IIT è sotto la vigilanza del Ministero dell'Istruzione, dell'Università e della Ricerca e del Ministero dell'Economia e delle Finanze ed è stato istituito con la Legge 326/2003. La Fondazione ha l'obiettivo di promuovere l'eccellenza nella ricerca di base e in quella applicata e di favorire lo sviluppo del sistema economico nazionale. La costruzione dei laboratori iniziata nel 2006 si è conclusa nel 2009.

Lo staff complessivo di IIT conta circa 1440 persone. L’area scientifica è rappresentata da circa l’85% del personale. Il 45% dei ricercatori proviene dall’estero: di questi, il 29% è costituito da stranieri provenienti da oltre 50 Paesi e il 16% da italiani rientrati. Oggi il personale scientifico è composto da circa 60 principal investigators, circa 110 ricercatori e tecnologi di staff, circa 350 post doc, circa 500 studenti di dottorato e borsisti, circa 130 tecnici. Oltre 330 posti su 1400 creati su fondi esterni. Età media 34 anni. 41% donne / 59 % uomini.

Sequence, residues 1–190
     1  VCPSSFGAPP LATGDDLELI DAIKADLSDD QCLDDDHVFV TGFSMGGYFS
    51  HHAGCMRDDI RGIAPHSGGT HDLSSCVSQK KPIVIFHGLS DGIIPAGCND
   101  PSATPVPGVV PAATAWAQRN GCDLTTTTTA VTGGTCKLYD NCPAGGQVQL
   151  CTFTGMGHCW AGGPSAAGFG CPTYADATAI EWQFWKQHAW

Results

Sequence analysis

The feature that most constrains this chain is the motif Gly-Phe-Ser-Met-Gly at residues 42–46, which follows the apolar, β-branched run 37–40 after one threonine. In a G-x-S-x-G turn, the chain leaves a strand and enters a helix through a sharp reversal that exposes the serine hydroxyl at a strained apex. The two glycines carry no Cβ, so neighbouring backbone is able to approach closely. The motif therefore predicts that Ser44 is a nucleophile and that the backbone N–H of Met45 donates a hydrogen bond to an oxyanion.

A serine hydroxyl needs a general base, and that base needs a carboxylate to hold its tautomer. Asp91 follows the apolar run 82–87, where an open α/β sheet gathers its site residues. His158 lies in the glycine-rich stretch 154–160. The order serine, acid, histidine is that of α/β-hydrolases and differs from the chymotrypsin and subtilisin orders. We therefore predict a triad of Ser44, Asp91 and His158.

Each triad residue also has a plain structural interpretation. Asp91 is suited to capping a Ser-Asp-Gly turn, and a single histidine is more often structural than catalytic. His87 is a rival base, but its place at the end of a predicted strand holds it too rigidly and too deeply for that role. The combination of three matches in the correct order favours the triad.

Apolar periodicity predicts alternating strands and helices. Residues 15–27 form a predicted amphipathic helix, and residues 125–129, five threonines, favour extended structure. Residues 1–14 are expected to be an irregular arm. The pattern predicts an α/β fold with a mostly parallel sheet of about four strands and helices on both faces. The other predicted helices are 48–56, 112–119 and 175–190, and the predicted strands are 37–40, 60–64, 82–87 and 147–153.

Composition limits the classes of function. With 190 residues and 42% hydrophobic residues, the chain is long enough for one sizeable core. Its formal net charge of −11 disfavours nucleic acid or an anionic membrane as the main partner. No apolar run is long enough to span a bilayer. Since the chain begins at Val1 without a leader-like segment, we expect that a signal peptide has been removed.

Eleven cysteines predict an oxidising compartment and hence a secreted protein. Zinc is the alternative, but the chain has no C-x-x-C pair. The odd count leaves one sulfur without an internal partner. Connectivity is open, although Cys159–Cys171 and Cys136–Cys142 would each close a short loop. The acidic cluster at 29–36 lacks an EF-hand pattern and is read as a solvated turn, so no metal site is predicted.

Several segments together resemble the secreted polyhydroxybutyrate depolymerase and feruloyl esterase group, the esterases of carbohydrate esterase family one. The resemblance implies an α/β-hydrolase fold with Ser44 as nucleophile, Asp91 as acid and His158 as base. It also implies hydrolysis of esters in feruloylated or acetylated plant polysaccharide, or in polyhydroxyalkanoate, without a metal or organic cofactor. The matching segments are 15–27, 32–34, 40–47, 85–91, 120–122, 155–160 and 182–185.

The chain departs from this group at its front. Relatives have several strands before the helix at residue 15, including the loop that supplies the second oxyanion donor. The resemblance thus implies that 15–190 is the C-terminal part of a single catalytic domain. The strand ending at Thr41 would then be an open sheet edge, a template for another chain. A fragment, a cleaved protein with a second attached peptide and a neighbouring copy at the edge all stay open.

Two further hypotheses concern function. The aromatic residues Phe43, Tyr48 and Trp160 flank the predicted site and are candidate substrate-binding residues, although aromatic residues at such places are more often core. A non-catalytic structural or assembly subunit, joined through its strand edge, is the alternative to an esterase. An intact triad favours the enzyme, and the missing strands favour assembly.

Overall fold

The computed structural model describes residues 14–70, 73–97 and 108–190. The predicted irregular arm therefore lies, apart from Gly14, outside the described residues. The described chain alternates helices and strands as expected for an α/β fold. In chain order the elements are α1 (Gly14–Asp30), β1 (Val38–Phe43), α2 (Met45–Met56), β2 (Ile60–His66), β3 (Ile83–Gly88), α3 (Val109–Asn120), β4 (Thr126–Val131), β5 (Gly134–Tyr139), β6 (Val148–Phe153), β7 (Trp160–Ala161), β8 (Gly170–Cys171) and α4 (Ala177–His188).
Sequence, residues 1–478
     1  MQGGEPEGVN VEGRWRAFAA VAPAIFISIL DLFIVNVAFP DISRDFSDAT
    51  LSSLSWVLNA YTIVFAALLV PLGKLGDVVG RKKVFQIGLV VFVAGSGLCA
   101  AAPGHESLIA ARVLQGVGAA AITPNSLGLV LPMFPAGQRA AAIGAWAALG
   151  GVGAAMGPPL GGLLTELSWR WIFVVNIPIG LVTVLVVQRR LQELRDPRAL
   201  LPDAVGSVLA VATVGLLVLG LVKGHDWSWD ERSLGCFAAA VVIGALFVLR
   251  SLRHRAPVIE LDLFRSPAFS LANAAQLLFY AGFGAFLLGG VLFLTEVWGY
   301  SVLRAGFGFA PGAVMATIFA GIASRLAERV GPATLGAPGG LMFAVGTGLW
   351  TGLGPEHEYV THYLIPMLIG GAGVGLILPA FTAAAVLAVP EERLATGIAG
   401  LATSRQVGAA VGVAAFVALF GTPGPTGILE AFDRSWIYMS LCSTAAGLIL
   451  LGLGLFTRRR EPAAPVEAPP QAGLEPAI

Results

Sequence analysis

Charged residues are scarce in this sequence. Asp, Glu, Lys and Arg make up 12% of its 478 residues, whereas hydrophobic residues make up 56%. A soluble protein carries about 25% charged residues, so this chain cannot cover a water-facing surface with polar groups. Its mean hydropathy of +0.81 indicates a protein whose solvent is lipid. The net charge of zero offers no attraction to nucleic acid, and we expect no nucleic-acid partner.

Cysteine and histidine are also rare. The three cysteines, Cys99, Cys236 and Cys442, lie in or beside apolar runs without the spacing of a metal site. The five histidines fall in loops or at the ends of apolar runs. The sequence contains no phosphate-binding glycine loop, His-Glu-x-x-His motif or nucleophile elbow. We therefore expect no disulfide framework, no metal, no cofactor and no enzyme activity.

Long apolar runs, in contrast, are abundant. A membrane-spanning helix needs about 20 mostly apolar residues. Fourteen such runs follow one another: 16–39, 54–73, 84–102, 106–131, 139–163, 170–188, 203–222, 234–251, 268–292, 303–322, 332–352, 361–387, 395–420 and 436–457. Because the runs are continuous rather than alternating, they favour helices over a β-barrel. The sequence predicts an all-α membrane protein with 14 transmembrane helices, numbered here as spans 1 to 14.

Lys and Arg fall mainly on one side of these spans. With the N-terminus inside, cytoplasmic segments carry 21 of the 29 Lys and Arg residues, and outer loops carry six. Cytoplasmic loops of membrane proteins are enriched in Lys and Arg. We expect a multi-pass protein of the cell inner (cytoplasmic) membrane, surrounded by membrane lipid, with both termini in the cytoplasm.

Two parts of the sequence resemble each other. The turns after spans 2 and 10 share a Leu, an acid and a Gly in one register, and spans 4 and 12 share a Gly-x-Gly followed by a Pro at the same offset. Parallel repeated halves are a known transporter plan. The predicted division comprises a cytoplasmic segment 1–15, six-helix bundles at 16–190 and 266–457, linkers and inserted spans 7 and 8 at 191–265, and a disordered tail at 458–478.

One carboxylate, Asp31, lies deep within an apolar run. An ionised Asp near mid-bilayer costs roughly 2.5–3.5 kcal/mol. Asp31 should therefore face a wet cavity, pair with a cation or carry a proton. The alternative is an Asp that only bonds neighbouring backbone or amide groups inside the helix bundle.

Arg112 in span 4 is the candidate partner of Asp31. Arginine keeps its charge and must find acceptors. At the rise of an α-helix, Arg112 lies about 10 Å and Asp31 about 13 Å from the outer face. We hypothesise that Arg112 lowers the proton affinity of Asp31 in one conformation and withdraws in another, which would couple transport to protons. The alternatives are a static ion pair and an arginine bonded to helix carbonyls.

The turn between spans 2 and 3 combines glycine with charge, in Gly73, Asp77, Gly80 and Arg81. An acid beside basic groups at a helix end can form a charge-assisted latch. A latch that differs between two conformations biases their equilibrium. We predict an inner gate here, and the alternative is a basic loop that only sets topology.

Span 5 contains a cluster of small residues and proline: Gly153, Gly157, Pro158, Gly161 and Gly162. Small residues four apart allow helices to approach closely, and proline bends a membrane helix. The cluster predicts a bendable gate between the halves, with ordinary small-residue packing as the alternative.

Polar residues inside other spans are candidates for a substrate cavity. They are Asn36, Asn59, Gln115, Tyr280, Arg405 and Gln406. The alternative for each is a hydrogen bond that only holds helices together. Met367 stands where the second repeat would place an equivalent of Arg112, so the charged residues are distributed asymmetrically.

Nel 2015 IIT ha ricevuto finanziamenti pubblici per circa 96 milioni di euro (80% del budget), conseguendo fondi esterni per 22 milioni di euro (20% budget) provenienti da 18 progetti europei17 finanziamenti da istituzioni nazionali e internazionali, circa 60 progetti industriali

La produzione di IIT ad oggi vanta circa 6990 pubblicazioni, oltre 130 finanziamenti Europei e 11 ERC, più di 350 domande di brevetto attive, oltre 12 start up costituite e altrettante in fase di lancio. Dal 2009 l’attività scientifica è stata ulteriormente rafforzata con la creazione di dieci centri di ricerca nel territorio nazionale (a Torino, Milano, Trento, Parma, Roma, Pisa, Napoli, Lecce, Ferrara) e internazionale (MIT ed Harvard negli USA) che, unitamente al Laboratorio Centrale di Genova, sviluppano i programmi di ricerca del piano scientifico 2015-2017.

IIT: the numbers